Cameron J (ag) wrote: No, I am not going to reference the song by My Chemical Romance... or Dropkick Murphys, or Hit the Lights... or even Van Halen, or any song by the band Hang 'Em High. Jeez, this film's title has really been adopted by some hard rockers and punks, which makes sense, because how else to you musically approach a film starring someone as hard rock as Clint Eastwood? Apparently, you approach it with Booker T. & the M.G.'s, because this film's theme song was composed by that funky jazz cat, and I don't know if that's more a reflection on how old Booker T. is, or old this film is... or how old Clint Eastwood is. He was old enough at this time for the whole "man with no name" role to start getting old, and by no means is he a man with no name here, just your regular, named marshal who didn't wander into any old town... but will still kill for it! Yeah, Eastwood doesn't need to be nameless to be hard rock, which makes me question the casting if this is supposed to depict, as Wikipedia puts it, "the dangers of serving as a U.S. Marshal or deputy during that period [1880s]", because, seriously just try to kill Clint Eastwood, criminals. Like I said, he was getting up there back in '68, so if the Grim Reaper hasn't done it yet, then you sure can't, as opposed to Ted Post's career. After this he had "Beneath the Planet of the Apes", followed by hopeless obscurity, which is a shame, because he at least made this one respected film, which I for one would be more respectful of if it wasn't for so many issues. Something of an expository mess, this film opens right up with action and no immediate background development, while the shortcomings in gradual development throughout the body prove to be totally unjust in their distancing character depth on which the drama ought to thrive. Slowness ironically also thins down dramatic momentum which is shaken by the rushing, with directorial storytelling even doing a number on momentum through quiet spells that distance, maybe even bore, yet perhaps wouldn't so much if Ted Post wasn't handed limp material to draw upon with his directorial meditations. Of course, when aimless lapses in material don't slow down momentum, it's ironically an excess in material, which eventually leads to focal unevenness on the path to flesh out the telling of a story of only so much scale to begin with, despite an ambition to be harsher than the average, more colorful western. Perhaps the ambition would be more comfortably fulfilled if the storytellers didn't try too hard at times, overplaying overblown score work and some contrived writing to shake subtlety, often cheesily. The film is all too often overwrought with it dramatics, but I prefer that overambition, rather than the laziness to the efforts to edge up this western, which, upon falling into dated elements, falls hard, with cheesy filler set pieces, technical limitations and other awkward challenges to this drama's vision to be a western to take more seriously. In all honesty, there are times where the film is almost cheesy to the point of being embarrassing, and no matter how inspired the film is at times, moments such as those sort of tell you that this was never to be a truly rewarding drama, while little missteps throughout the final product secure the effort as very decidedly underwhelming. The film probably could have fallen into mediocrity, yet, as I said, there is inspiration here, and while it's not enough to reward, it endears pretty adequately. Dominic Frontiere firmly breaks the dry spells of quietness with a fusion of traditional and, to a certain extent, spaghetti western sensibilities that is unique, musically impressive and tonally effective, if a little cloyingly overblown at times. It's a shame that histrionics and some contrivance come into play and corrupt the integrity of this early revisionist western, whose narrative isn't especially meaty, but holds a potential for grit that was uncommon for westerns at the times, and is milked for all its worth in highlights within a script by Leonard Freeman and Mel Goldberg that, on top of delivering on some memorable lines and set pieces, has the guts to compliment dramatic depths with an audacious attention to brutal detail, though not necessarily in development. That said, no matter how underdeveloped, this portrait on man's brutality has its share of well-rounded aspects to characterization which draw memorable characters, at least when backed up by some memorable performances. A lot of the performers could have fallen flat with material that was over the heads of many in the '60s western film industry, but most everyone here is effective in his or her respective role, and that particularly goes for Clint Eastwood, whose performance is formulaic, but no less buzzingly charismatic than it usually is, partly thanks to some intense dramatic layers which reinforce the lead's engagement value. Eastwood's compelling anti-heroic protagonist further reflects the audacity of this gritty revisionist western, much like the gutsy script, but what can make or break the guts of the overall final product is, of course, the guts of the direction. Ted Post's direction either gets to be unsubtle with its dramatic overplays, or subtle to the point of dull coldness, but when it's realized, it's biting, with audacious plays with anything from score to the performers, in addition to gripping action and, of course, disturbing visuals that reflected a big turn for the Hollywood western, and still haunts today. The film could have gone a long way, but at the same time, it could have fallen seriously flat, thus, for every considerable missteps is a considerable strength, which endears enough to make a decent drama with commendable highlights, limited though they may be. When it's time for the snap, under the pressure of underdevelopment, slow and draggy spells, some cloying dramatics, and some cheesily dated aspects, this film which is already conceptually of limited consequence all but buckles, yet there is still enough reinforced to engagement value from solid scoring and acting, and often effectively gutsy writing and direction to make Ted Post's "Hang 'Em High" a fair and sometimes effective, if flimsy breakthrough for the revisionist western genre. 2.5/5 - Fair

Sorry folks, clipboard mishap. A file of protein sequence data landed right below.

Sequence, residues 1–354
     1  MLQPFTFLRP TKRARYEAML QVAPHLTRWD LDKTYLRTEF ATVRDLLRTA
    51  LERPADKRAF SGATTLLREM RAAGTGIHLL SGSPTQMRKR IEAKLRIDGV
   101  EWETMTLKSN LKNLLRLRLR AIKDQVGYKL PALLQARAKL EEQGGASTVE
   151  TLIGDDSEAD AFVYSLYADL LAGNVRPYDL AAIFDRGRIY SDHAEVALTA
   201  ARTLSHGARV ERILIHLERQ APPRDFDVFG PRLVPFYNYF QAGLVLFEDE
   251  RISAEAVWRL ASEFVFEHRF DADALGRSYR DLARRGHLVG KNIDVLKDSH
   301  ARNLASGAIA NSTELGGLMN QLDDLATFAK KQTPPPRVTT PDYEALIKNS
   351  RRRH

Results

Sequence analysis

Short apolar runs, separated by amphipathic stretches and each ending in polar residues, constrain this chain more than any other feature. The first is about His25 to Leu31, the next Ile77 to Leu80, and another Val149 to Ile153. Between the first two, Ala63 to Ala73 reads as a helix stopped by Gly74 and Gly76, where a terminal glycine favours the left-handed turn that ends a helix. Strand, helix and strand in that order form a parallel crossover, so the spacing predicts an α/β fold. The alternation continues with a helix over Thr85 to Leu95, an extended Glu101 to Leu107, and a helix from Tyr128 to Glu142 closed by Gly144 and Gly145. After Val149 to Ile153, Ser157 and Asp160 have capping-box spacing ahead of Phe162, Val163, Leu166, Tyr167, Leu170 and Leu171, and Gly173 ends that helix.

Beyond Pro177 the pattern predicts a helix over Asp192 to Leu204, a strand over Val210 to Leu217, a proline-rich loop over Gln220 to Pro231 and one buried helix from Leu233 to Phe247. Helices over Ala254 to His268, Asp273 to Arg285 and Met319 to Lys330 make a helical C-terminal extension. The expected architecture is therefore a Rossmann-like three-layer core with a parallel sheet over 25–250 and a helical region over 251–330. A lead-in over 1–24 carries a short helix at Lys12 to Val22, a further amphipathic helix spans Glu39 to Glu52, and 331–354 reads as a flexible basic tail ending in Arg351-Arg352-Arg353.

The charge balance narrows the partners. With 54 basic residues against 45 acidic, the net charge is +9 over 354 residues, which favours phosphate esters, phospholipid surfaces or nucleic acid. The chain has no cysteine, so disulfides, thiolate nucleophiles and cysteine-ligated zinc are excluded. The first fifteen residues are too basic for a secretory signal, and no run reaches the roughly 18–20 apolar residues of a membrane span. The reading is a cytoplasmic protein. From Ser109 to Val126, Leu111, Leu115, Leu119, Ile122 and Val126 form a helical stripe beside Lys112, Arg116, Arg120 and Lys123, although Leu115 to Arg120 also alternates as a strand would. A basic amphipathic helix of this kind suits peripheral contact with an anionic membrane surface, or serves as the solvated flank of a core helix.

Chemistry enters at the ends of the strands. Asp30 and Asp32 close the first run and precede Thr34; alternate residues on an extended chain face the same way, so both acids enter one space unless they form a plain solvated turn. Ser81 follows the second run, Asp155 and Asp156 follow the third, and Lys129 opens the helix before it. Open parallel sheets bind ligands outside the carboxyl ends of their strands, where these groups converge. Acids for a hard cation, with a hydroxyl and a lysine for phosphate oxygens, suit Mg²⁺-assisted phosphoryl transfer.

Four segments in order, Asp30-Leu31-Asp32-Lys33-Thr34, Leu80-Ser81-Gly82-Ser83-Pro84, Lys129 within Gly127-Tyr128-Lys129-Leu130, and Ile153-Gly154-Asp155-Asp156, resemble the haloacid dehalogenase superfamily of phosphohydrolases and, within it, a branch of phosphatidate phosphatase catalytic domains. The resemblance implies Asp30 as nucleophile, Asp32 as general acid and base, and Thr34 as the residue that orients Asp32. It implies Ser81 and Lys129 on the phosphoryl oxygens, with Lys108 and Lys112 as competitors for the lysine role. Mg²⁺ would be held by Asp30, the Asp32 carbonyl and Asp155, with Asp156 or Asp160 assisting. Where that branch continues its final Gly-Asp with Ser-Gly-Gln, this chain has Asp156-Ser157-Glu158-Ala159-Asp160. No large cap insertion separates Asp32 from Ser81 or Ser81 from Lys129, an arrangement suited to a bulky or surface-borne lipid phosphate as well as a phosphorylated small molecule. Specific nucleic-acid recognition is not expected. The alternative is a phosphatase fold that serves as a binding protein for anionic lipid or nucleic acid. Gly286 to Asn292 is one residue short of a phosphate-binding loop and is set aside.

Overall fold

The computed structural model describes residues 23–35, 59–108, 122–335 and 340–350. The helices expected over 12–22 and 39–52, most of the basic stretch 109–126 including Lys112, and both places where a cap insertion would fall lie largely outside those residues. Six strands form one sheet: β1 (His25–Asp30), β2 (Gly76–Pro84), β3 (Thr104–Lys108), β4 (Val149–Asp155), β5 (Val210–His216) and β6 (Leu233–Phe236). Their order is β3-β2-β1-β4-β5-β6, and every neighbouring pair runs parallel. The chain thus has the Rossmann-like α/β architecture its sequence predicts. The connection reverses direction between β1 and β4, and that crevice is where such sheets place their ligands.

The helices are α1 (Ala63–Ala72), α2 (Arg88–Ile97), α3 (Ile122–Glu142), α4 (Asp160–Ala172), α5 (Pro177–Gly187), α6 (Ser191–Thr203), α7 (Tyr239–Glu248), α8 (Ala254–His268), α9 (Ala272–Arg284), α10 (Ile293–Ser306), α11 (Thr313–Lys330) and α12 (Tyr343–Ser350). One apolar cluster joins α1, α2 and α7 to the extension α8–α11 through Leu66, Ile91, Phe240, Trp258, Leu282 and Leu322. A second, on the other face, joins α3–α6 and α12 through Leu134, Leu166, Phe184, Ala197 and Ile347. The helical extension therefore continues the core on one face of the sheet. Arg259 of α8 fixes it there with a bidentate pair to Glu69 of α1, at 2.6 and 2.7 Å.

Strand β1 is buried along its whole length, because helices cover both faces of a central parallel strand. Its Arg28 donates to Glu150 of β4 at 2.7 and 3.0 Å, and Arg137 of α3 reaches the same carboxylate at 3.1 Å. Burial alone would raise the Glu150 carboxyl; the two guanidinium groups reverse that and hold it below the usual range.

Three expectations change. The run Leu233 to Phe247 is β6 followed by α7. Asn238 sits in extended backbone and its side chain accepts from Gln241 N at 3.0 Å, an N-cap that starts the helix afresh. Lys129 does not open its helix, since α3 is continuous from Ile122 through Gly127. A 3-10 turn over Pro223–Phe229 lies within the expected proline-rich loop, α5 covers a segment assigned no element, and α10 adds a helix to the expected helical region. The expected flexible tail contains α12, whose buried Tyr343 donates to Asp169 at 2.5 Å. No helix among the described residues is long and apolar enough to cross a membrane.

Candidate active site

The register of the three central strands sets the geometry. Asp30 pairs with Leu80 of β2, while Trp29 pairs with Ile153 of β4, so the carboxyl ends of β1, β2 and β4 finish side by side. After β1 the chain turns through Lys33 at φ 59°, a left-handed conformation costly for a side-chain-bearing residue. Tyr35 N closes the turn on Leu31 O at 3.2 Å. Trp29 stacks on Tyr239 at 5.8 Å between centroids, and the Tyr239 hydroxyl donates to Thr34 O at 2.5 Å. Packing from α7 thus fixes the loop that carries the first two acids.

Alexander P (de) wrote: A good film, well made, directed, acted and with a good plot but just doesnt have a real spark to it. Seems plodding along at times. Curtis and Lancaster are superb in the leads but after watching you just feel like it could have had more.

Ian F (mx) wrote: A fun romcom on the slopes. Kim goes from being a total beginner on the slopes to being a championship contender with some romance thrown in and great supporting performances. We always watch this and Hot Tub Time Machine prior to our Ski holiday.A super film especially for the girls though anyone can enjoy it.

Jack H (ag) wrote: For the most part this was a nice thriller with mediocre performances from michael douglass and sean bean. Brittany murphy also making a nice crazy performance and she does her best. But unfortunatly the movie doesnt go anywhere. It lacks suspence in the places it belongs and it causes the viewer to loose interest in any of characters and their motives. It lacks the detail required to understand where anything is going. Overall its a decent thriller to watch at home if need be

Catherine R (jp) wrote: : although younger, this is the best I have ever seen in her career. She did this role justice.